Windows

Goodbye Windows Vista!

By Garth Jones I know that I’m in the minority about Windows Vista because I liked it! I thought it was a good replacement for Windows XP, and it was about time. One of the reasons I liked it was because it helped to put the focus on security by adding User Account Control (UAC). UAC meant that end users needed to approve administrative privileges. This helped to expose malware or a virus doing something unexpected. To give you an example, here are some administrative privileges: -Running an application as an Administrator -Installing applications -Editing the registry -Adding user accounts to the computer Windows Vista also introduced one of my favorite features, Windows Experience Index (WEI). WEI allowed you to quickly see how your computer would perform in various situations. For IT pr...

Required Update WMF 5.1 Now in the Update Catalog

On June 1, 2017 Microsoft will end support for the Windows Management Framework (WMF) version 5.0 and will actually remove the download from its servers. The company expects that all PCs will be updated to WMF 5.1 by then. The upgrade is intended to simply install in-place over version 5.0. The company today has made WMF 5.1 available in the Windows Update Catalog, listed as KB3191564 and KB3191565 – but only for Windows Server 2012, Windows Server 2012 R2, and Windows 8.1. The edition for Windows 7 and Windows Server 2008 R2 are still only available via the Download Center for now. Looking for an awesome, no-nonsense technical conference for IT Pros, Developers, and DevOps? IT/Dev Connections kicks off in San Francisco in 2017!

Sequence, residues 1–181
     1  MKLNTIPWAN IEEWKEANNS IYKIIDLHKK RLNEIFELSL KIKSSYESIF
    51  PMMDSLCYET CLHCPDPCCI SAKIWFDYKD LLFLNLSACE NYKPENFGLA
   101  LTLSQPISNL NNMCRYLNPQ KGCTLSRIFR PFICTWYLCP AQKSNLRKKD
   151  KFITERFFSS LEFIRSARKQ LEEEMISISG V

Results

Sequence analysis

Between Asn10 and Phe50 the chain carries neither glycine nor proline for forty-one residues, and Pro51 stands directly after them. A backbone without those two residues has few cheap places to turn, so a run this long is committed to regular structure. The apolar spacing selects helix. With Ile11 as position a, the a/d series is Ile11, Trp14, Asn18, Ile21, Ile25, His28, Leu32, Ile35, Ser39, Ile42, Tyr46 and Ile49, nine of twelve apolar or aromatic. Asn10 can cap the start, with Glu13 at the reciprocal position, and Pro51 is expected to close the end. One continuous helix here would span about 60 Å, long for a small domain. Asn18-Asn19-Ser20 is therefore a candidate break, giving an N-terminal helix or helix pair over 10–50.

Windows Experience Index in Windows 10

By Garth Jones I love Windows Experience Index and I was truly sad to see that Microsoft removed it from Windows 8.1. Why did I love it? Well, ask any techy, we get asked by friends and family all the time, “What computer should I buy?” As an Enterprise Mobility MVP, I’m not what you would call a, “bit head.” You know, the person that can tell you exactly why you should buy one video card over another. Bit heads know the performance stats of every hard drive, CPU and motherboard. One of my old roommates was like that and it was great having him around to answer all of those questions! When Microsoft Vista came out I loved the fact that Microsoft finally came up with their own built-in version of the Norton Utilities system information and desk test. Remember the one from 1985?! Image curte...

Gmail to Lose Windows XP and Vista Support This Year

Google stopped releasing updates for its Chrome web browser for Windows XP and Windows Vista after version 49, in hopes that users would migrated away from Microsoft’s unsupported operating systems to take advantage of Chrome’s new features and better security. While the number is dwindling, there are still many running these old, unsupported versions of Windows. In December 2017, Google will stop supporting Gmail in Chrome running on Windows XP and Windows Vista. Gmail will still work, but Google will start redirecting users to an feature-hampered HTML version of Gmail. Looking for an awesome, no-nonsense technical conference for IT Pros, Developers, and DevOps? IT/Dev Connections kicks off in San Francisco in 2017!

How to Rename a Windows Server When SQL Server and WSUS Are Already Installed

By Garth Jones Not long ago, as I described in a blog post last week, I rebuilt my System Center Configuration Manager Current Branch Technical Preview (ConfigMgr CB TP) lab. In order to rebuild my lab, I re-used an existing server with both SQL Server 2012 and ConfigMgr CB TP 1608 installed. My first step was to uninstall ConfigMgr CB TP 1608. Next, I changed the host name of the Windows Server from CM1608 to CMTP. I know that problems can arise when you rename the host server AFTER SQL is installed (which was the case in my lab), however, there are a few easy steps you can take which will prompt SQL to accept the new host name. Keep in mind that I’m writing this blog post AFTER I fixed everything, so I will not be showing you the before screenshots. Once the Windows Server is renamed and...

Google’s Microsoft Windows Deployment Tools